'The road is life,' wrote seminal American author Jack Kerouac in the 1950s, inadvertently summing up Cuba's post-Special Period transport system in just four words. The ways in which Cubans get around, often quirky, anachronistic and on hybrid machines cobbled together with amazing ingenuity, drives to the heart of the often inscrutable ways of Cuban daily life.

The Cold War in a car

Aided by some of the world's most creative mechanics, Cuba has long acted as a giant recycling plant for old American cars. The ailing dowagers of Detroit hark back to a brighter, more streamlined age when gas was cheap and a soft-top Oldsmobile was every aspiring teenager's ticket to freedom.

All very romantic, of course; until you find out that one in four cars in Cuba aren't American at all, they're Russian. Even worse, they're Ladas. And of the ones that aren't (the vintage American ones, that is), a good proportion have Lada engines.

The road is life for Cubans. Image by José Eduardo Deboni / CC BY 2.0

An ugly cousin of the Fiat 124 Sedan, the Lada – or VAZ-2101, to give it its proper name – was first concocted in Tolyatti on the banks of the Volga River in 1966. Economical but unattractive, they quickly became a source of ridicule for leery car connoisseurs, most of whom would have rather walked 100 miles than be seen behind the wheel of one.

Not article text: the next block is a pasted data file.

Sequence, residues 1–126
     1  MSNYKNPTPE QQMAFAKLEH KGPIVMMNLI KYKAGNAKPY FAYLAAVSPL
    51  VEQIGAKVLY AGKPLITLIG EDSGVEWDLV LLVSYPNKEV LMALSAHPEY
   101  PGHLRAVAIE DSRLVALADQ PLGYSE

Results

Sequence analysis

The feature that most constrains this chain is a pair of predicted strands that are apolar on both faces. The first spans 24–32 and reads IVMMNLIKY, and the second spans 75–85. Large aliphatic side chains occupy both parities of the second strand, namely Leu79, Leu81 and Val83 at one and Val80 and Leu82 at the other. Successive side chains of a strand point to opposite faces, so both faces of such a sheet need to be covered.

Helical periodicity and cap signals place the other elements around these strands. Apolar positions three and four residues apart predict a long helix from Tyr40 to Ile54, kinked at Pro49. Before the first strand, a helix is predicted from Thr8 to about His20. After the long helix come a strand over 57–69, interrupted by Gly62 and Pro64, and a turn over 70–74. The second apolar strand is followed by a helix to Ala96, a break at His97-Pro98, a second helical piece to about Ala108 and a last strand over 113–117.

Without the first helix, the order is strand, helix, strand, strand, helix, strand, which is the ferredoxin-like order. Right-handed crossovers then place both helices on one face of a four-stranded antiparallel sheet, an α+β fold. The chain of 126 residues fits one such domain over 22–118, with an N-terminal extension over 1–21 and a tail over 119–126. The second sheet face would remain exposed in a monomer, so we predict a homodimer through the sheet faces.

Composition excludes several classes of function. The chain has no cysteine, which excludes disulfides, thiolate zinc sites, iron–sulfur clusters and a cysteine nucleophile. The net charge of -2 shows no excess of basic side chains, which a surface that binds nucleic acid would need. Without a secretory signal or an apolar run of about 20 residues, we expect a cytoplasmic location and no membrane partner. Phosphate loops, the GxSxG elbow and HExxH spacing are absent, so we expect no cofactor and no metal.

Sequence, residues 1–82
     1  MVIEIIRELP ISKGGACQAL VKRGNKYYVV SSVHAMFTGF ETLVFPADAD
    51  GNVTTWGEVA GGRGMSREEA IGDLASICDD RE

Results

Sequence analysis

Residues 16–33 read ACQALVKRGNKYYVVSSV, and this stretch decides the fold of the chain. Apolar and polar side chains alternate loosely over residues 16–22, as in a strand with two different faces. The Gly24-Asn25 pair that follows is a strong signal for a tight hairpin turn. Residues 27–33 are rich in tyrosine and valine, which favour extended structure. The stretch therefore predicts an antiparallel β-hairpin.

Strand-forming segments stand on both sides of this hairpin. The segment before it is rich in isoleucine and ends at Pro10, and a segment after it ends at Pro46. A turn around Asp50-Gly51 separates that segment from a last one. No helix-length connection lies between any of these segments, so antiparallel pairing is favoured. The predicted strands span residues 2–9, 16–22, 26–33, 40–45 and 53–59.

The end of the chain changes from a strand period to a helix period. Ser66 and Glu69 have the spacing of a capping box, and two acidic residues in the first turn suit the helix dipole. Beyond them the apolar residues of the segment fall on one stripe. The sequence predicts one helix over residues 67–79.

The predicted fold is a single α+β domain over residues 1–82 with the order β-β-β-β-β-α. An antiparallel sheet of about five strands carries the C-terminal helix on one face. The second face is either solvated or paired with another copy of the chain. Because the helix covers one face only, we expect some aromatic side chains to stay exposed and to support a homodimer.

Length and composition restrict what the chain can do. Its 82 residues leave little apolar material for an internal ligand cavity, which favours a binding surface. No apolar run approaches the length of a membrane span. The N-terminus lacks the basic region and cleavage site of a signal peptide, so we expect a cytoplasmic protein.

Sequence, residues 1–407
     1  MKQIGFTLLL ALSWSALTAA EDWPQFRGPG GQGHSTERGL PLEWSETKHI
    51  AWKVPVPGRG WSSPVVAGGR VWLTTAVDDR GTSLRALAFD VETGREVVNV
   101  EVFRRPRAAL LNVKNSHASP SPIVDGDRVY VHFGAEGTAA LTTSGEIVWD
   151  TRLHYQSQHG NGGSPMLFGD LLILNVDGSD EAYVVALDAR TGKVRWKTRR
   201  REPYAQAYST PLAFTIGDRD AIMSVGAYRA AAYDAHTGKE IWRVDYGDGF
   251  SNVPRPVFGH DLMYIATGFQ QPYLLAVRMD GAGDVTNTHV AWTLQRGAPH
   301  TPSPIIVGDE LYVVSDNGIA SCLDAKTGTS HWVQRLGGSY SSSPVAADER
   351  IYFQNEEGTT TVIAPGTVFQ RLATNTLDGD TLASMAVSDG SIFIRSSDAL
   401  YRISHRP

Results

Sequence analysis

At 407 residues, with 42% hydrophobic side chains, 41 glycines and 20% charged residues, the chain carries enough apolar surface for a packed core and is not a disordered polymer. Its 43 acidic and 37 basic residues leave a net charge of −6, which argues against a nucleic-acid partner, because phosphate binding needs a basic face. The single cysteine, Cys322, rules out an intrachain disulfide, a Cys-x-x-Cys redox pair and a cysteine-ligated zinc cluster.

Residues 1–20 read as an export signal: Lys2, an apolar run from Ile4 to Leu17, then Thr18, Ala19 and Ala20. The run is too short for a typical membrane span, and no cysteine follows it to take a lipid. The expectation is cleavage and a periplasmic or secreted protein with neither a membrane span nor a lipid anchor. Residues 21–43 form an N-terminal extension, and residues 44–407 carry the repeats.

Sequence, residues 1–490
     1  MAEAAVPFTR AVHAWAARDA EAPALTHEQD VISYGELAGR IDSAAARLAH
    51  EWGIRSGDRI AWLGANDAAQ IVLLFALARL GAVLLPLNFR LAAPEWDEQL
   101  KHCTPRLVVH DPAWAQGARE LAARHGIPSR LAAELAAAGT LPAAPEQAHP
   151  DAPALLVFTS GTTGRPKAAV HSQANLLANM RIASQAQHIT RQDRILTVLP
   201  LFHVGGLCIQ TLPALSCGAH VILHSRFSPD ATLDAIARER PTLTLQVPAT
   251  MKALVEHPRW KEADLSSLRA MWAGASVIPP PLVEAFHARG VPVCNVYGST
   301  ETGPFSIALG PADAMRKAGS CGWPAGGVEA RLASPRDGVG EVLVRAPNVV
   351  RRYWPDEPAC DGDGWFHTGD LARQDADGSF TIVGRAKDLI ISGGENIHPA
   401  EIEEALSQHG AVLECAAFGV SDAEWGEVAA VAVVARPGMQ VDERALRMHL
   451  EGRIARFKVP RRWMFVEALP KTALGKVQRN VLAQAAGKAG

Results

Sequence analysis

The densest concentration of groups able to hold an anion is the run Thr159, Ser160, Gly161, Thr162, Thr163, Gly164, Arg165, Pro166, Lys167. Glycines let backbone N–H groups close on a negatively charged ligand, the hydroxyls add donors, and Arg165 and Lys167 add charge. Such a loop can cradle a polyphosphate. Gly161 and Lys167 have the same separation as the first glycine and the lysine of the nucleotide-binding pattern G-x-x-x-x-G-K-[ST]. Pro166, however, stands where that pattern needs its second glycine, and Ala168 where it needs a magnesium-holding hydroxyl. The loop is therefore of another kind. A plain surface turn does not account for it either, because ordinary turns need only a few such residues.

In Cuba, the reception was a little more enthusiastic. Readily available thanks to a solid economic alliance with the Soviet Union, Ladas quickly became prized possessions in the 1970s and '80s, when they were handed out to model workers as reward for exemplary conduct. Not surprisingly, the car's rugged but ruthlessly efficient VAZ engineering did well on the island's potholed roads and the vehicles prevailed – if not always in the lovingly restored state of their American counterparts.